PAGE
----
ScotAGCA Response

ScotAGCA responds to Trevor Ledger’s article in Golf Inc magazine (Summer 2011 edition) on the subject “ARCHTECTS?…WHAT ARE THEY THEN?”

The main thrust of Trevor’s article deals with lack of knowledge and interest in golf course architects among Europe’s golfing public, especially when compared to the interest in The States. Trevor asks the question… “how can an uneducated golfing public be educated in the merits (or otherwise) of golf course architects and the effect that they have on the game that we all love?” And he hints that the EIGCA may have a role to play in improving the present situation.

One of many factors that encouraged the establishment of ScotAGCA was the lack of knowledge of Scottish golf course architects beyond Braid, Old Tom and perhaps Donald Ross. ScotAGCA represents Golf Course Design in Scotland and we have been making golf clubs aware of our Association and professionally qualified membership since 2009. We believe that we have been very successful in making clubs more aware of the Association, what GCAs do and how they can benefit golf clubs. The R&A are aware of ScotAGCA as are the SGU, the Club Managers Association in Scotland and the vast majority of Club officials in Scotland. This is a huge leap forward since the days prior to 2009 when even club officials would not have been aware of a GCA working in Scotland. However, this does not suggest that club members are any more enlightened or indeed any more interested in architects or what they do.

Certainly if the editors of our golf magazines are unwilling to publish articles on course designers due to lack of interest in the subject then they will not be mistaken. But it certainly seems to those of us who are passionate about course design that golfers should be interested and therefore there is a problem somewhere.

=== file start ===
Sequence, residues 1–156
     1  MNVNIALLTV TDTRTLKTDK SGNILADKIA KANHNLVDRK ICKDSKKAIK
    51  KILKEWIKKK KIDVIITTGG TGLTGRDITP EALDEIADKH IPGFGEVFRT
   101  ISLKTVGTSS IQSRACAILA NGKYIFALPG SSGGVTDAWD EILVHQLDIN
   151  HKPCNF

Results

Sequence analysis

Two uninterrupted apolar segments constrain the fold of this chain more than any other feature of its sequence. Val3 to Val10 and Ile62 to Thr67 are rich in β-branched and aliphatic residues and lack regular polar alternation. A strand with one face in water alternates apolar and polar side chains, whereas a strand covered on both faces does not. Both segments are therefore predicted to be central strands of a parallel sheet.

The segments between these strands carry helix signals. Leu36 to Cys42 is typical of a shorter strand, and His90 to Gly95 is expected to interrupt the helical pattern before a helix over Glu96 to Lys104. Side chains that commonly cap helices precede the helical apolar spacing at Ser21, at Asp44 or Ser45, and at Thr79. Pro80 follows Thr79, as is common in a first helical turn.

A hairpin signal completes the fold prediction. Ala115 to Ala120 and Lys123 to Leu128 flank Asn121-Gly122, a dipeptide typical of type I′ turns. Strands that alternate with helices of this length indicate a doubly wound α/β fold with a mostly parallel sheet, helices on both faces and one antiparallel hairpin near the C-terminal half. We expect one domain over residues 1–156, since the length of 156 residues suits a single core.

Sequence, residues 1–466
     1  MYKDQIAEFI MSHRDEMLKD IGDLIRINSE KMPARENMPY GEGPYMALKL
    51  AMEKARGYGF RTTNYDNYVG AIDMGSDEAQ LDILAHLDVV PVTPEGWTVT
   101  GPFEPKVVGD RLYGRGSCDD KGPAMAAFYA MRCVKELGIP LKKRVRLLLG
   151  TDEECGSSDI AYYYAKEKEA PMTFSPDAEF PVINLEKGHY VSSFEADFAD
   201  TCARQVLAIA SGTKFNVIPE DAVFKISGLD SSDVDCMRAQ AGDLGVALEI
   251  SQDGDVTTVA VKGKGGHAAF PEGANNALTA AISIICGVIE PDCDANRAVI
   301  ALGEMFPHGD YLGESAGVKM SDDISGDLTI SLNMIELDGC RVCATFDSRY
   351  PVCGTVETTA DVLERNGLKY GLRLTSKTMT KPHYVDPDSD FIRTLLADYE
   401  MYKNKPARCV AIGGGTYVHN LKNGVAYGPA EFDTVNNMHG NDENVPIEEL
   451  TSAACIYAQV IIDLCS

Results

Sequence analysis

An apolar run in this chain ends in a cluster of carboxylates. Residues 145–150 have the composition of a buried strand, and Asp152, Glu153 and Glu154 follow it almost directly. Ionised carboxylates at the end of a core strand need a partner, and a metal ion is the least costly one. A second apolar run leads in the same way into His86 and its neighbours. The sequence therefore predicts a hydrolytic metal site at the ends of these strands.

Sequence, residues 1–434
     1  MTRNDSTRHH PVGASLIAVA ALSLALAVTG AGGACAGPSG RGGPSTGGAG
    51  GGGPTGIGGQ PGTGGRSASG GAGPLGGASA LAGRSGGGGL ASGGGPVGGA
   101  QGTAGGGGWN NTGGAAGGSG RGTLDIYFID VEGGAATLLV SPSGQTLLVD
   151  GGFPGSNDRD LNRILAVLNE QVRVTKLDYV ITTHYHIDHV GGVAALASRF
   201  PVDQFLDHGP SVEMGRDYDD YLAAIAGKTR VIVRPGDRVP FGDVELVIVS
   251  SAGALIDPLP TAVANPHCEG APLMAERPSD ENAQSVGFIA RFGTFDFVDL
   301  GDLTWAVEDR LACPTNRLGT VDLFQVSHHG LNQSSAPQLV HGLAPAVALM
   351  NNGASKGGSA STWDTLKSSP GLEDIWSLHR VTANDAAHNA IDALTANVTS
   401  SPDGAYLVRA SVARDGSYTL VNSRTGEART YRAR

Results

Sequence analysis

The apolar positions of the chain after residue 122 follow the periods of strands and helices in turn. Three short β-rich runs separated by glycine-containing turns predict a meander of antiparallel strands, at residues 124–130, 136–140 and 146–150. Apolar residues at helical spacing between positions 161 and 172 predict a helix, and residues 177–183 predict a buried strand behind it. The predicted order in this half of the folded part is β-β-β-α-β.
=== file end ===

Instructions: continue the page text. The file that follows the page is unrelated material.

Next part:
Our ScotAGCA members certainly notice an increase in awareness at the clubs we work with. Changing the design often stirs up the interest and it is not uncommon for golfers to want to question changes and find out more about the architects “qualifications”. Indeed the interest in design stretches to providing some of their own advice regarding the changes that should be made!

In Scotland, the trigger to provide information to members or the golfing public generally has to come from the clubs themselves. At the present time the vast majority of golf club members are focused on their game, their handicaps, how new technology can improve their game, fashion, what is happening at pro level and how the course condition affects their game. Many will have heard of James Braid and Old Tom but few will be able to name a current Scottish GCA. Whereas it is not our mission to make members more aware of the design heritage of their courses or indeed become more interested in course design we would like to think that getting club officials and owners more aware of their course design heritage and the professional help that is available in Scotland would be a reasonable starting point.

It is rare to find a club official who believes that the design of his/her course is as important as the condition. Clubs often have consultant agronomists who visit on an annual basis but relatively few have a consultant architect who they can call upon for advice.

At ScotAGCA we will continue to progress by encouraging clubs to find out more about what a Golf Course Architect can do to help the club. Once they are aware of the benefits we can work together to highlight how a more exciting course design can promote interest among the membership in what is happening on the course. This leads to more awareness of what an architect can do and in turn this can also be the catalyst to encouraging clubs to advise members of an architect’s involvement. If clubs then embrace the ideas about the positive aspects of design they will be more inclined to promote their ongoing developments in publications and this can lead to more awareness among our golfing public.

We believe that in our work with clubs we raise that awareness and the fact that our GCAs retain their association with clubs over a number of years does suggest that we are successful. However as long as the majority of clubs do not recognise the importance of improving their course designs and how this can benefit their club they will fail to encourage members to be interested in course design as a subject that should be of immense interest to serious golfers.

It would certainly be a sad day if golfers are only ever fed information on course design that leaves them believing that Colin Montgomerie or Sam Torrrance were the only course designers in Scotland and that European course design is dominated by Ernie Els or Nick Faldo!


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